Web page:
Serial combinators: “optimal” grains of parallelism

Paul Hudak, Benjamin Goldberg

Research output: Chapter in Book/Report/Conference proceedingConference contribution

Abstract

A method is described for translating a high-level functional program into combinators suitable for execution on multiprocessors with no shared memory. It is argued that the granularity of the standard set of fixed combinators is too fine, whereas the granularity of user-defined functions is too coarse. The notion of a serial combinator is introduced that in some sense has optimal granularity, and that takes into account pragmatic issues such as the complexity of expressions and communication costs between processors. The technique improves on the standard notion of super-combinators by making them larger to retain locality and improve efficiency, and by ensuring that they have no concurrent substructure that could result in lost parallelism. Simulation results demonstrate improved performance on both sequential and parallel computing models.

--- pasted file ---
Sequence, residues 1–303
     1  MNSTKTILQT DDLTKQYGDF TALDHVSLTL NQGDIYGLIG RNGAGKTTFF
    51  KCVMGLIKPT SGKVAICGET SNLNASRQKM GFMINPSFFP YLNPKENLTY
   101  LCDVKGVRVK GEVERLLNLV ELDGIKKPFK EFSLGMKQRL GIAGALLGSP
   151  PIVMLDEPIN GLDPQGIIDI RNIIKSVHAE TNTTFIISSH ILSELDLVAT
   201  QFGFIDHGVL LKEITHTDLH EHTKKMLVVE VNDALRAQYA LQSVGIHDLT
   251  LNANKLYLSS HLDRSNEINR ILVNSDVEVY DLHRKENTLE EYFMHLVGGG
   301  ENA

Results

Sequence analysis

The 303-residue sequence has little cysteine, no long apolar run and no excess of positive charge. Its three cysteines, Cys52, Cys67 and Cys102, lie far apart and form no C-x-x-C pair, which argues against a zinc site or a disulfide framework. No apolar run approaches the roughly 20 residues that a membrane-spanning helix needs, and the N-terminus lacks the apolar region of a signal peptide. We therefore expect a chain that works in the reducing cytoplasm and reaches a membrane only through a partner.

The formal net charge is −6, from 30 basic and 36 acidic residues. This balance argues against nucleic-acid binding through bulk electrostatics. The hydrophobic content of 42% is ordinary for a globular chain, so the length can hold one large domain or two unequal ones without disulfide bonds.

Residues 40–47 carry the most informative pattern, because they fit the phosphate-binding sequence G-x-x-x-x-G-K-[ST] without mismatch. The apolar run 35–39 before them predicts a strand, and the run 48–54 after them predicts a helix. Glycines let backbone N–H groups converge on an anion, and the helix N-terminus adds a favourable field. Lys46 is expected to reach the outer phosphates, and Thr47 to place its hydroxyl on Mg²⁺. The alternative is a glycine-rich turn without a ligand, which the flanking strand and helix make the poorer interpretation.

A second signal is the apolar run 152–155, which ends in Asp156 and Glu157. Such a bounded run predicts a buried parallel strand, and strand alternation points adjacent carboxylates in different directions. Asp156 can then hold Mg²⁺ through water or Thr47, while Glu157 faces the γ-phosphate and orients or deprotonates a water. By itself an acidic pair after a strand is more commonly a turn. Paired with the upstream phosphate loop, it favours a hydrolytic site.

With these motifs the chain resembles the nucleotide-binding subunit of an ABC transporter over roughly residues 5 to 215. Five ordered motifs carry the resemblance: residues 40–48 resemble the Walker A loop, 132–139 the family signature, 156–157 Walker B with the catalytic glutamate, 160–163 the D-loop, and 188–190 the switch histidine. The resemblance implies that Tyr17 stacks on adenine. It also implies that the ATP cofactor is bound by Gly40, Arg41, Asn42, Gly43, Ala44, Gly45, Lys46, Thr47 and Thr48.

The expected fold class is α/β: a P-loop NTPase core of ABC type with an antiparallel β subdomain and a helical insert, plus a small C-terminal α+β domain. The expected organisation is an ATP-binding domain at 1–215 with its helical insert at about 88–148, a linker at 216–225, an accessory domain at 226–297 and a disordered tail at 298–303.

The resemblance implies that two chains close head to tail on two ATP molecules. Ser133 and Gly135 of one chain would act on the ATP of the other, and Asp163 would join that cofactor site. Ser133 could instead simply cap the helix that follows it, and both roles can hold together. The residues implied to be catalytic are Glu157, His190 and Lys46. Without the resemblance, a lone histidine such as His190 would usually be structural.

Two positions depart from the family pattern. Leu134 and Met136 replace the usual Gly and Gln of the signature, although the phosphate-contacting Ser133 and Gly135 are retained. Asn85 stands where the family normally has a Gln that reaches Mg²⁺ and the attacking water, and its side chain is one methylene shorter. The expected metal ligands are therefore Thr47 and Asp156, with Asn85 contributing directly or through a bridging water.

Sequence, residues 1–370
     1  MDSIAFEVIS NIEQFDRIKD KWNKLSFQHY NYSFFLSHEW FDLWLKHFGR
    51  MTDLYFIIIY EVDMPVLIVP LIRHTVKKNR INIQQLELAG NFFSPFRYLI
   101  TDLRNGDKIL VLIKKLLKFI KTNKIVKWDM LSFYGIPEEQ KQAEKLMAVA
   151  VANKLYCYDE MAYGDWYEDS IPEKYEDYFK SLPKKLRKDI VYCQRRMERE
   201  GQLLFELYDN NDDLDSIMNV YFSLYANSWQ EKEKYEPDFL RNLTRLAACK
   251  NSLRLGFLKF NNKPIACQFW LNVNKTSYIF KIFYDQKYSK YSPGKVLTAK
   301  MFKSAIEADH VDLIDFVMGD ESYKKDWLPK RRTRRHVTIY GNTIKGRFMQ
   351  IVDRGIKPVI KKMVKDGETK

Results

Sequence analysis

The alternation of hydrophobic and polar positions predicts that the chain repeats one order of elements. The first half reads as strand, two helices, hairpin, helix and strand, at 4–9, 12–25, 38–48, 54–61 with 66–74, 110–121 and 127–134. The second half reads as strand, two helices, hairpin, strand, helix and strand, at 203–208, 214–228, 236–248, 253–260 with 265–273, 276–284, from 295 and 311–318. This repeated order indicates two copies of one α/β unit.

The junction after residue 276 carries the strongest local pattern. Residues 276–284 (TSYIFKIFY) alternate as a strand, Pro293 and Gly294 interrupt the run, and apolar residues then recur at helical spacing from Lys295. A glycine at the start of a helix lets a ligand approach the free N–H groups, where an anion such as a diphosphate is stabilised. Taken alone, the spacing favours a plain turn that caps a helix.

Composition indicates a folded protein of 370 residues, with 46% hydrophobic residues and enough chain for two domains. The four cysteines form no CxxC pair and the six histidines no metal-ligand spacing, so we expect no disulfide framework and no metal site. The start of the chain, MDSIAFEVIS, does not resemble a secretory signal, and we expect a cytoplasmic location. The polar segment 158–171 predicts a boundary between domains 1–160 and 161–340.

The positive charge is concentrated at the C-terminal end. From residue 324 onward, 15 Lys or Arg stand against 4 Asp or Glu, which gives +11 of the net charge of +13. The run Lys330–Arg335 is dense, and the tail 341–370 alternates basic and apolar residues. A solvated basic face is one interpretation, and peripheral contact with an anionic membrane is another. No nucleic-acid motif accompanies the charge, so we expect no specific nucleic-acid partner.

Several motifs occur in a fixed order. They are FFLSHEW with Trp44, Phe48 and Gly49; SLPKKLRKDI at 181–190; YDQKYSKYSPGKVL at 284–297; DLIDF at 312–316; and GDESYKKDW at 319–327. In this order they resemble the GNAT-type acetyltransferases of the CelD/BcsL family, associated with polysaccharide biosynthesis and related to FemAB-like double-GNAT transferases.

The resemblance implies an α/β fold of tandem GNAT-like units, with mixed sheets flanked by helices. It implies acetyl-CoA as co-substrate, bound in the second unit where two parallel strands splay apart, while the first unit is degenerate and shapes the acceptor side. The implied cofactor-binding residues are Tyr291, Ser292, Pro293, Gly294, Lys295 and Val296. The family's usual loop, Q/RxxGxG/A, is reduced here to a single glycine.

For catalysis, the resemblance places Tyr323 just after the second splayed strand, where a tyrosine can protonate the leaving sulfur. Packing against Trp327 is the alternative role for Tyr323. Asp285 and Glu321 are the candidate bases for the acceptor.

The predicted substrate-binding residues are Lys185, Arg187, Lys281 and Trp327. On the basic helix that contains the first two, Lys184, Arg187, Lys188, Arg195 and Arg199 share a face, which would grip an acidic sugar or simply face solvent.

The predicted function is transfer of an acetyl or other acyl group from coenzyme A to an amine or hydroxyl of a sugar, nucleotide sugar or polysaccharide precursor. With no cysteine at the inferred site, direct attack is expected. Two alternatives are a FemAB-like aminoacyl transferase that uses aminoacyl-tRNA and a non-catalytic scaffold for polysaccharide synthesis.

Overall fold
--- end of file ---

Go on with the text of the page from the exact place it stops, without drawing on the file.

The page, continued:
Original languageEnglish (US)
Title of host publicationFunctional Programming Languages and Computer Architecture
PublisherSpringer Verlag
Pages382-399
Number of pages18
Volume201 LNCS
ISBN (Print)9783540159759
DOIs
Publication statusPublished - Jan 1 1985
Event2nd International Conference on Functional Programming Languages and Computer Architecture, 1985 - Nancy, France
Duration: Sep 16 1985Sep 19 1985

Publication series

NameLecture Notes in Computer Science (including subseries Lecture Notes in Artificial Intelligence and Lecture Notes in Bioinformatics)
Volume201 LNCS
ISSN (Print)0302-9743
ISSN (Electronic)1611-3349

Other

Other2nd International Conference on Functional Programming Languages and Computer Architecture, 1985
CountryFrance
CityNancy
Period9/16/859/19/85

    Fingerprint

ASJC Scopus subject areas

  • Theoretical Computer Science
  • Computer Science(all)

Cite this

Hudak, P., & Goldberg, B. (1985). Serial combinators: “optimal” grains of parallelism. In Functional Programming Languages and Computer Architecture (Vol. 201 LNCS, pp. 382-399). (Lecture Notes in Computer Science (including subseries Lecture Notes in Artificial Intelligence and Lecture Notes in Bioinformatics); Vol. 201 LNCS). Springer Verlag. https://doi.org/10.1007/3-540-15975-4_49